The mother-to-child transmission of hepatitis B virus (HBV) is reduced with tenofovir disoproxil fumarate (TDF) treatment during the third trimester in pregnant chronic HBV patients with a high viral load, show the findings of a trial conducted in China.
The study enrolled 200 hepatitis B e antigen (HBeAg)-positive pregnant women with HBV DNA levels over 200,000 IU/mL. They were randomly assigned to receive either TDF 300 mg/day, beginning at 32 to 34 weeks of gestation and continuing until 4 weeks after delivery, or usual care without antiviral treatment. The women were followed up until week 28 postpartum; all pregnancies were single issue and all infants received HBV immunoprophylaxis.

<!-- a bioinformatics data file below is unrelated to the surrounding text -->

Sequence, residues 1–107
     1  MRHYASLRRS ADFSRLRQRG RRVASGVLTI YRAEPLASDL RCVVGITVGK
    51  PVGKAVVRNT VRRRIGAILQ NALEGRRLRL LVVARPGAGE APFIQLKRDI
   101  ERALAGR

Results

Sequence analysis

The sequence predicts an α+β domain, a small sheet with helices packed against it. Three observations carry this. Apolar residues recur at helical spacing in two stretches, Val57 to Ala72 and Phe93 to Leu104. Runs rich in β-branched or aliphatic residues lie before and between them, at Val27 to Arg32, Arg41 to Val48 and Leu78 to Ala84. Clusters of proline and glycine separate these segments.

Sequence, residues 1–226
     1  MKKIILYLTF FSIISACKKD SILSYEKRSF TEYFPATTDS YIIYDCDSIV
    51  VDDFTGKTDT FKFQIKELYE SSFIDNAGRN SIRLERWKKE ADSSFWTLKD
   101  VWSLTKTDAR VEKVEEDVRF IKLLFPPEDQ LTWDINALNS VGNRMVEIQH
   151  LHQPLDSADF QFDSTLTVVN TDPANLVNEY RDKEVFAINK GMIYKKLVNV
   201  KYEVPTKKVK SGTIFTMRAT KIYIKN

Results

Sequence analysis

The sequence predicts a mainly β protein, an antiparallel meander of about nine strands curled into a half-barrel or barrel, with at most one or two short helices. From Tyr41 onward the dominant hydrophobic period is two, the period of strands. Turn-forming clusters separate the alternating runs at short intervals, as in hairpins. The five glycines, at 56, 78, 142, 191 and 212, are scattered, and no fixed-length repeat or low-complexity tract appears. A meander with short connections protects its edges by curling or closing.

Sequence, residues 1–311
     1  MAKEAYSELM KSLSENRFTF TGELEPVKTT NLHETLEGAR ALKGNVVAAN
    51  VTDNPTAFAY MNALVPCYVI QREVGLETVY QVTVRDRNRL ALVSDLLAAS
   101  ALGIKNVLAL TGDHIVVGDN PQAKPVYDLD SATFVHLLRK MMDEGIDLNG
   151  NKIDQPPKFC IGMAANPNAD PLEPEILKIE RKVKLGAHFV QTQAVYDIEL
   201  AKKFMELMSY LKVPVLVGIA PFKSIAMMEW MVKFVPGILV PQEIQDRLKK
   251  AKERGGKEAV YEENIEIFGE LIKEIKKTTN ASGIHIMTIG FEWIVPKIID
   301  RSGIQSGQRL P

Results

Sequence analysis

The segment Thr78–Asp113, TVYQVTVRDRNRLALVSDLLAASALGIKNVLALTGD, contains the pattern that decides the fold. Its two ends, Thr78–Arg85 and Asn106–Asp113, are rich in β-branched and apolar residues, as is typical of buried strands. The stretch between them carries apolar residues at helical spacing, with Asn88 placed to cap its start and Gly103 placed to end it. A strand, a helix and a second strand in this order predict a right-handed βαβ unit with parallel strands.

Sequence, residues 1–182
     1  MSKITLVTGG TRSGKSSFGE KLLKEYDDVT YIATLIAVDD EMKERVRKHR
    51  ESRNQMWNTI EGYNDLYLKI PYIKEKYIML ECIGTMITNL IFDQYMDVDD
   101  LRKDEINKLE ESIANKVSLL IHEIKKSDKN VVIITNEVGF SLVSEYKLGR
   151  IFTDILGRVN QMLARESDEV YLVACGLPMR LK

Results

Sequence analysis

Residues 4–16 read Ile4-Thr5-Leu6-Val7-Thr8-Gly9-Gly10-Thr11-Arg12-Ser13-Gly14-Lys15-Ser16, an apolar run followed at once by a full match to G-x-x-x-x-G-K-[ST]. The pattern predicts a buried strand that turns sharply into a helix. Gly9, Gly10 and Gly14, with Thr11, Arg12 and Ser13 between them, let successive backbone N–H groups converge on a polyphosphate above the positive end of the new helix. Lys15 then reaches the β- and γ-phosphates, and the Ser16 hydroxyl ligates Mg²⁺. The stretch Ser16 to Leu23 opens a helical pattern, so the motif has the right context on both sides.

In the intention-to-treat analysis, which included all women except those who withdrew consent before treatment initiation, TDF treatment significantly reduced the rate of vertical transmission at 28 weeks, with transmission of virus to 5% of 97 infants, compared with 18% of 100 infants born to mothers who received usual care (p=0.007).